“Today’s youth are growing up in an era of complexity and uncertainty. Changes have delayed, or even destroyed, the landmarks that once signaled a transition from one phase of life to another.”
The dream is to own a home. You work really hard to graduate college or to learn a trade and then you save up enough for a down payment on your first home, sounds simple enough. However, buying a home gets tricky. If you live in Calgary it’s a challenging task, becoming more challenging in the last five years or so.
For many young professionals, people aged 20 to 29, the dream of owning a home is a long way off. Many things have changed since our parents bought homes and we face many more obstacles on the path to one of the greatest declarations of independence. With interest rates remaining low, this path is eased slightly and could be one of the reasons home ownership is possible for some people in the aforementioned age range.
According to a 2012 Canadian Municipal Housing Corporation (CMHC) mortgage consumer survey, the average age of a first-time homebuyer in Canada is 34. In the 1960’s, in the UK, the average age was 24. This trend can be attributed to many things and we leave you to draw your own conclusions but this blog shares some insights.
Statistics Canada, from the 2011 census results, found about four in 10 young adults live in the parental home — in Calgary specifically it is less than 35 per cent or roughly 59,818 young adults (those aged 20-29).
Two of those young adults living at home are Caitlin and Angela. Both have graduated with a BA in Communications this past July from Mount Royal University. Both live with their parents, who are supportive of them living at home and both have plans to move out but see obstacles along the way.
For Angela, one of her major obstacles in buying a home or even moving out to a rental property is financial. Angela currently works in a part-time position and is actively seeking a full-time career path. “If I’m lucky I’ll have a full time job in the next few months,” she said, but because of circumstances she hasn’t “felt stable enough to consider moving out.”
Young adults in Canada are having a more difficult time in the job market. According to a Globe and Mail article, the current jobless rate for 15-24 year olds is 15 per cent, the highest in nearly two years. A broader measure of youth unemployment that includes discouraged job seekers and involuntary part timers sits at 19.6 per cent, the highest level in 15 years.
Alberta is ahead of the rest of Canada in terms of unemployment for this age group and job prospects. Currently, the rate among 20 to 24 year olds, across Canada — in temporary jobs in the first eight months of 2012 — was 28.6 per cent. Fortunately in Alberta the unemployment rate in the 20-24 year old bracket sits at 5.6 per cent.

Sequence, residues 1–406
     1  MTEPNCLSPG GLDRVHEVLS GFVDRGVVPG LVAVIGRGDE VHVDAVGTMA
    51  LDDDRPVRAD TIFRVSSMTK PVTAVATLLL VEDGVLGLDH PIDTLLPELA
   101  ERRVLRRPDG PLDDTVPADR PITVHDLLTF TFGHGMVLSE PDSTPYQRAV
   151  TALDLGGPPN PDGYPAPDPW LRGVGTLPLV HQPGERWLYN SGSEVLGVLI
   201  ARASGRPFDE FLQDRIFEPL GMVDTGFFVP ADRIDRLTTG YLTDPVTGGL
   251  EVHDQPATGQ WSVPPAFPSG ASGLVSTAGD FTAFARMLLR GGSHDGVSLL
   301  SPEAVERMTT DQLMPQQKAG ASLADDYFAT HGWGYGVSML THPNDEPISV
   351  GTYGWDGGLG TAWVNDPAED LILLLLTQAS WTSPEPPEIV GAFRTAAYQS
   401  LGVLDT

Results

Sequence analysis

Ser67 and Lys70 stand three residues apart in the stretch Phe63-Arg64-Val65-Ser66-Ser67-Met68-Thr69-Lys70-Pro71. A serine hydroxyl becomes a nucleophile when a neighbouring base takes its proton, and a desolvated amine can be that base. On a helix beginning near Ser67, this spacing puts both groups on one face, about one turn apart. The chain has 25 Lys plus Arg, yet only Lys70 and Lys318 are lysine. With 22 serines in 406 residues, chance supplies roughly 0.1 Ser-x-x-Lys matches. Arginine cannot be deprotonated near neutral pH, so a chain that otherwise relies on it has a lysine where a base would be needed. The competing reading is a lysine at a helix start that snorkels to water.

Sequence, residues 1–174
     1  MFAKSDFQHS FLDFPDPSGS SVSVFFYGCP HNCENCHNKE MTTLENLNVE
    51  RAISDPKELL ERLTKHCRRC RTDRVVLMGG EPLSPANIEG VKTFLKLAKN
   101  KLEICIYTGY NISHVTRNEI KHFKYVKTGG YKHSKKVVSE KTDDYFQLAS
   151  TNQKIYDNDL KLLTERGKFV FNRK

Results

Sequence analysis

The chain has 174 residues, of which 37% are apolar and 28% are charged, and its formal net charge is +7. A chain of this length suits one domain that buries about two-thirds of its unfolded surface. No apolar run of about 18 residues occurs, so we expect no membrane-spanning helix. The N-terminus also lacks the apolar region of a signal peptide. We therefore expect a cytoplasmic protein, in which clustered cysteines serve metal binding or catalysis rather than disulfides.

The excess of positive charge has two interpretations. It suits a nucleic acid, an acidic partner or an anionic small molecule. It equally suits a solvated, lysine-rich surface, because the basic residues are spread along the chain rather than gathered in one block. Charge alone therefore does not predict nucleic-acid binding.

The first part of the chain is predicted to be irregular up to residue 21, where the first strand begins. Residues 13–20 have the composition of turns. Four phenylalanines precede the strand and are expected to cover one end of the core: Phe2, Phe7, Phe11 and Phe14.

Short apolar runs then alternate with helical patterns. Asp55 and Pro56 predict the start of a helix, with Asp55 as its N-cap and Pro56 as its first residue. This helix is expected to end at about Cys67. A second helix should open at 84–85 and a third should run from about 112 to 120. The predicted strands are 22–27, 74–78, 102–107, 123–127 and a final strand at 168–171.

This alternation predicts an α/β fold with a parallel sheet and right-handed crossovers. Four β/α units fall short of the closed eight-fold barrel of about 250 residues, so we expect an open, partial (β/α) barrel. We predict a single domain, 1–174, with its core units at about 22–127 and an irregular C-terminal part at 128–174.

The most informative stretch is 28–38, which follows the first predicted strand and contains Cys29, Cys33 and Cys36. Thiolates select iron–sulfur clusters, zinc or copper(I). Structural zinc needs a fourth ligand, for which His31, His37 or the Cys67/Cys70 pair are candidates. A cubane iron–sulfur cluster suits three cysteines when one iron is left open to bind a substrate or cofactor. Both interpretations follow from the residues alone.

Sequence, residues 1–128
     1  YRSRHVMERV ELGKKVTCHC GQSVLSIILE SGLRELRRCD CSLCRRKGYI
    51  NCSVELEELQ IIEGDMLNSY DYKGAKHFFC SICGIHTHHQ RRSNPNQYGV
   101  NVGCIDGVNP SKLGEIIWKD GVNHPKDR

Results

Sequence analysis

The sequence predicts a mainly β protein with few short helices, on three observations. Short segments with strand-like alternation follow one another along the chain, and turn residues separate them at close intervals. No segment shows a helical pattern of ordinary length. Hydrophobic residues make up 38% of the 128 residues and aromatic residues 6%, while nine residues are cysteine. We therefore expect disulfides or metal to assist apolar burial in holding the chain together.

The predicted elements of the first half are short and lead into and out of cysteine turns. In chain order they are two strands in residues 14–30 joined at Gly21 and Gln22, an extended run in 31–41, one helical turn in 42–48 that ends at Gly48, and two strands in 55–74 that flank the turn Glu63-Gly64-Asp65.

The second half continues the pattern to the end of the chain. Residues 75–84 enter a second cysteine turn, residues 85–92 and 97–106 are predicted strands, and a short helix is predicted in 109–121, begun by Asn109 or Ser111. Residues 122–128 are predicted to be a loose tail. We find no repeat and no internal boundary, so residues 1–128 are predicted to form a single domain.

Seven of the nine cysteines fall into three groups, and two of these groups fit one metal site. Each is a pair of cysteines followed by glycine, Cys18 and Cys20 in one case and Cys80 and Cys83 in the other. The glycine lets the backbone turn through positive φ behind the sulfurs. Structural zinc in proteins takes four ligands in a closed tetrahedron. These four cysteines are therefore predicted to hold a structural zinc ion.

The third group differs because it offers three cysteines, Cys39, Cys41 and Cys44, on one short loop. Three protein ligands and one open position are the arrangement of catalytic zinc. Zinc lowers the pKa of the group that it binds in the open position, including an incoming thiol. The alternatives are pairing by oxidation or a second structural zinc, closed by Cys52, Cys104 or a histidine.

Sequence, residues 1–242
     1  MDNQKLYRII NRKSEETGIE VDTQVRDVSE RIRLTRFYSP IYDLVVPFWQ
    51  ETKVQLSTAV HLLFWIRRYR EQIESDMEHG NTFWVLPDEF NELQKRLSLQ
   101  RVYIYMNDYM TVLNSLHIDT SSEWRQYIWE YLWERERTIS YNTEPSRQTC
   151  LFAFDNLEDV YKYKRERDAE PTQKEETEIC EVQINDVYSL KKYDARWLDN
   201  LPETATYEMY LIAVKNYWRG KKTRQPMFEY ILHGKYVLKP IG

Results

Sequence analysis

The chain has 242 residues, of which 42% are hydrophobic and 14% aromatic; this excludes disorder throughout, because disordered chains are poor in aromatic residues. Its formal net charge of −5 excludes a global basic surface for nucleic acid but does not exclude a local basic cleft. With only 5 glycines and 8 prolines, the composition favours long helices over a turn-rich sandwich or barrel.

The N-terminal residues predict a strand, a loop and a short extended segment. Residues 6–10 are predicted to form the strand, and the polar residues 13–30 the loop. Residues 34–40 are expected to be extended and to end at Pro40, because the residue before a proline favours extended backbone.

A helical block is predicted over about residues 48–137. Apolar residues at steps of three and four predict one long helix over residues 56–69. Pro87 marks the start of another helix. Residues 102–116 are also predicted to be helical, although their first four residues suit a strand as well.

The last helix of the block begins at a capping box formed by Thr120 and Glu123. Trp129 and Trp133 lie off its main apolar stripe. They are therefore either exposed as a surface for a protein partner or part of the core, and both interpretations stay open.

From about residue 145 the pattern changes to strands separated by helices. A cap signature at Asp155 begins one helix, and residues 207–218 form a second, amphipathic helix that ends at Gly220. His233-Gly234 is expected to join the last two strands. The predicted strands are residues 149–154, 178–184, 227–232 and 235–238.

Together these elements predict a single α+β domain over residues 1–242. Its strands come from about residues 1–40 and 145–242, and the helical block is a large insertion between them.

There are good things to take from the changing trends in Canada. Full-time university enrollment is at its highest rate ever, but unfortunately this is leading to young adults beginning their adult lives with more debt than ever before. The average cost for tuition in Alberta has gone up 275 per cent between 1991 and 2007 and now averages 14 years to pay off according to #generationflux.
A BMO report states the average cost of a four-year degree, including tuition, school supplies, housing and other expenses amounts to roughly $60,000. You could take former presidential candidate Mitt Romney’s advice and borrow from your parents but that may not be an option.
Combining the fact that young adults in Canada are trending towards higher education, we can also assume they are trending towards large amounts of debt before they enter the job market.
The latest statistics from CREB® put the benchmark price for a single-family home in Calgary at $433,300, a condominium apartment at $247,000 and a townhouse condominium at $279,000.
For Caitlin, she would like to buy a home “definitely within the next five years.” At the very minimum requirement for a down payment of 5 per cent, she would have to save $12,350. Angela stated that while she is not looking she also doesn’t know what expensive is. The chart below shows the down payment needed for October 2012 benchmark prices.
Simply Hired puts the average entry level salary at $43,000. Once you have taken out taxes and other expenses, the money left to live on is significantly lower making saving 20 per cent nearly impossible for a single individual in the near term. Putting aside the 20 per cent, a level at which having mortgage insurance is no longer required and costing home owners less overall in interest, even getting a 10 per cent down payment will take a significant amount of time.
While Angela puts off the idea of homeownership because she believes that ability to get approved for a mortgage is nonexistent, Caitlin has put some thought into attainable homes/income based housing. While neither is actively searching for a place or educating themselves on mortgage rules, both have excellent educational backgrounds and are in a city that is creating excellent opportunities for its citizens.
One of the major points to be made is that with all of the obstacles young adult Canadians face in buying their first home, there will be economic consequences for Canada as a whole. Many large purchases are tied to owning a home. A washer and dryer, a car, a lawn mower, kitchen appliances, etc. are items that one generally buys after buying a home. If there is less ability to buy a home these items will not be purchased.
Other questions to be considered before buying a home include:
– Is Calgary where I want to be? It is very easy to move around Canada and the world nowadays.
– Do I plan to add family members in the next few years? Family planning is important for most young adults.
– What amenities are important to me? Young adults may want to focus on inner-city locations.
– What costs are associated with the home I buy? Is the home new, renovated or a fixer-upper?